Part of the fun – and stress – of a trip anywhere is buying souvenirs for yourself (fun) and gifts for those back home (stress). This is no different in Yucatán. So, what to buy and where?


Some of the things you shouldn’t necessarily buy here in Yucatán include items that people think of when they hear the word “México.” Vanilla is one such item. Back in the day when tourism was scarcer and the world was a more regionalized place, in Veracruz, where most of the vanilla is grown, you could find real, non-adulterated vanilla at very low prices. People coming to México in the pre-foodie era would seek out this product to take it home. Now, in a global economy, most of the really great vanilla is bought by international conglomerates and you will be better off buying pure vanilla from your local Costco, Whole Foods, or Trader Joe’s.


Silver is another popular item, but thick silver crafts are not Yucatecan; they are found mostly in central México. If this is your only stop in México, and you must buy something in silver, you might find something to your liking at Uxmal de Taxco on Calle 60 at 47, across from the Santa Ana market. If bangles and thick silver are not so important, keep reading. Yucatán is well-known for its delicate silver filigree jewelry.


Filigrana de Plata can be found at the Casa de Artesanías store on Calle 63, a block or two from the Plaza Grande. These delicate silver wire creations are perfect for gifts as they are light, not that expensive but still are silver, which is appreciated. Expect to pay anywhere from $200 pesos for a basic ring or earring set, and up to $5,000 pesos for something more elaborate.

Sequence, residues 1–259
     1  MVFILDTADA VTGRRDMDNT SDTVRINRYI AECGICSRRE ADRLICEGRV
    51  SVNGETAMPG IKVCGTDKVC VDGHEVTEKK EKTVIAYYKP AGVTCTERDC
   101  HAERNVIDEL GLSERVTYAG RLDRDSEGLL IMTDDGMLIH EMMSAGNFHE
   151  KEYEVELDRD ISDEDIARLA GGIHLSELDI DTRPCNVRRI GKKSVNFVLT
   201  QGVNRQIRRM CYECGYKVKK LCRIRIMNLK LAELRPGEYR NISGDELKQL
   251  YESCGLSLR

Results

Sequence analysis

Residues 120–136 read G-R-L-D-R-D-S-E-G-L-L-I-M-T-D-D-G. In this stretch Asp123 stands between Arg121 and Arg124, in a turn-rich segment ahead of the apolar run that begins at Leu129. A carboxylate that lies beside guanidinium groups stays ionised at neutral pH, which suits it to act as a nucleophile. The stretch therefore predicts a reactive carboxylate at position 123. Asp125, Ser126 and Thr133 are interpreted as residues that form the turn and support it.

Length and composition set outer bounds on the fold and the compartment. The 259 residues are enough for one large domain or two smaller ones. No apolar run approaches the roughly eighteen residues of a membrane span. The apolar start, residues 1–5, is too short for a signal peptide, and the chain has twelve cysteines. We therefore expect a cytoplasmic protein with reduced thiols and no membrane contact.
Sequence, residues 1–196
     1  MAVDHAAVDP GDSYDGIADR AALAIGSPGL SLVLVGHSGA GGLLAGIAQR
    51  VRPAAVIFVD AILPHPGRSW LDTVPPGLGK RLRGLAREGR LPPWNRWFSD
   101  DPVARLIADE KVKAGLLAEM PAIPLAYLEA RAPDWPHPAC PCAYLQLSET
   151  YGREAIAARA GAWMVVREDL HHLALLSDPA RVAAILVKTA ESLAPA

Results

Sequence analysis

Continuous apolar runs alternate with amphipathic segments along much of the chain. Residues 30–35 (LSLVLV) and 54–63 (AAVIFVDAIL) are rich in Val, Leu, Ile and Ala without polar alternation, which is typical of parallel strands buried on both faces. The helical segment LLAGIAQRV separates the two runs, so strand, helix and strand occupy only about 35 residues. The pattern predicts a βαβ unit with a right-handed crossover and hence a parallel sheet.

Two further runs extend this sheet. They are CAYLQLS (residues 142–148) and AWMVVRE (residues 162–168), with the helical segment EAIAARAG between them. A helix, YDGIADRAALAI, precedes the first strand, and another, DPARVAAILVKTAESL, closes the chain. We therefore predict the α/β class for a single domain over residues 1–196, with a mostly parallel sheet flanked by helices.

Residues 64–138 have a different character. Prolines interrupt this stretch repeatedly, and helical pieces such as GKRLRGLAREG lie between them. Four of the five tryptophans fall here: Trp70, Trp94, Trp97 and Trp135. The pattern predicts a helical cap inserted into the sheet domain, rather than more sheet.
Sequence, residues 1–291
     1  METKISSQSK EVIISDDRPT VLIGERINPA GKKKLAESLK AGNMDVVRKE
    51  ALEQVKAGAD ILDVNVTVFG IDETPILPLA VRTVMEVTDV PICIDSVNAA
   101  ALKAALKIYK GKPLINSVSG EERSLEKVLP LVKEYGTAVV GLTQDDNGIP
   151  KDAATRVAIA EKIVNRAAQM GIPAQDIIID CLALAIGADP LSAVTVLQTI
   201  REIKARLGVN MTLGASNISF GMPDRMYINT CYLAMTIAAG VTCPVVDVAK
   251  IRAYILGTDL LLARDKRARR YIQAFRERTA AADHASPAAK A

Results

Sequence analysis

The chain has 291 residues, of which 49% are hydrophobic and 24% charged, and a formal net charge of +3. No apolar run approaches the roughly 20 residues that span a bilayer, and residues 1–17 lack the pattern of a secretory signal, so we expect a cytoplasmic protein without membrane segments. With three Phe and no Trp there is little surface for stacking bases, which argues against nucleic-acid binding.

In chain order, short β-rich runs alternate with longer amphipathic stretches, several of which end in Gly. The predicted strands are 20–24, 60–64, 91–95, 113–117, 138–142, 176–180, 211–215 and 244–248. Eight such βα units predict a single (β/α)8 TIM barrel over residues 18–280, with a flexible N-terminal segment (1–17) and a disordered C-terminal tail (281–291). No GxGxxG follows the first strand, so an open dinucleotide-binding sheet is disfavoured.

On a sweeter note, Yucatecan honey is becoming increasingly popular as more people commercialize this natural sweetener. A soda (Coke) bottle will run you $50 – 60 pesos per half-liter and $80 – 100 pesos per liter in the market. The fancy honey with the unique label and glass bottle will be more expensive and there tends to be a better quality-control process in place (less chance of dilution); it will also be easier to get through customs when returning home. Also popular is the local Melipona honey, this will be significantly more expensive as these tiny stingless bees produce only about 1 liter of honey per hive per year. Expect to pay closer to $500 pesos for a 250 ml jar. On the other hand, Melipona honey has been used since the time of the Maya for its unique flavor and medicinal properties.


Chocolate is another popular souvenir option around the world, and things are no different here in Yucatán where the Maya valued cacao so much, it was used as currency. If you’re looking to take home a unique confection, produced by a local company, check out Ki’Xocolatl (they have several locations, including one in Parque de Santa Lucía). 


A great option for shopping for almost everything from chocolate and honey to hammocks, blouses, and jewelry is the state-government-run Casa de las Artesanías (Mérida Centro and Uxmal location). Prices are extremely reasonable, fixed, and on full display. No haggling, no one trying to take advantage of you. Plus, the money really does go to the people making the products! If you like to haggle, put on your best poker face and brave the many other shops out there. Have fun! 



Editorial by Ralf Hollmann
A Yucatecan born in Germany and raised in Canada, with a degree in Hospitality and Tourism from the British Columbia Institute of Technology. Ralf has experience in leisure tourism, journalism, research, editing, writing, and creative writing. He’s also a musician.



Photography by Amandina, Yucatán Today, and Maggie Rosado for use in Yucatán Today.

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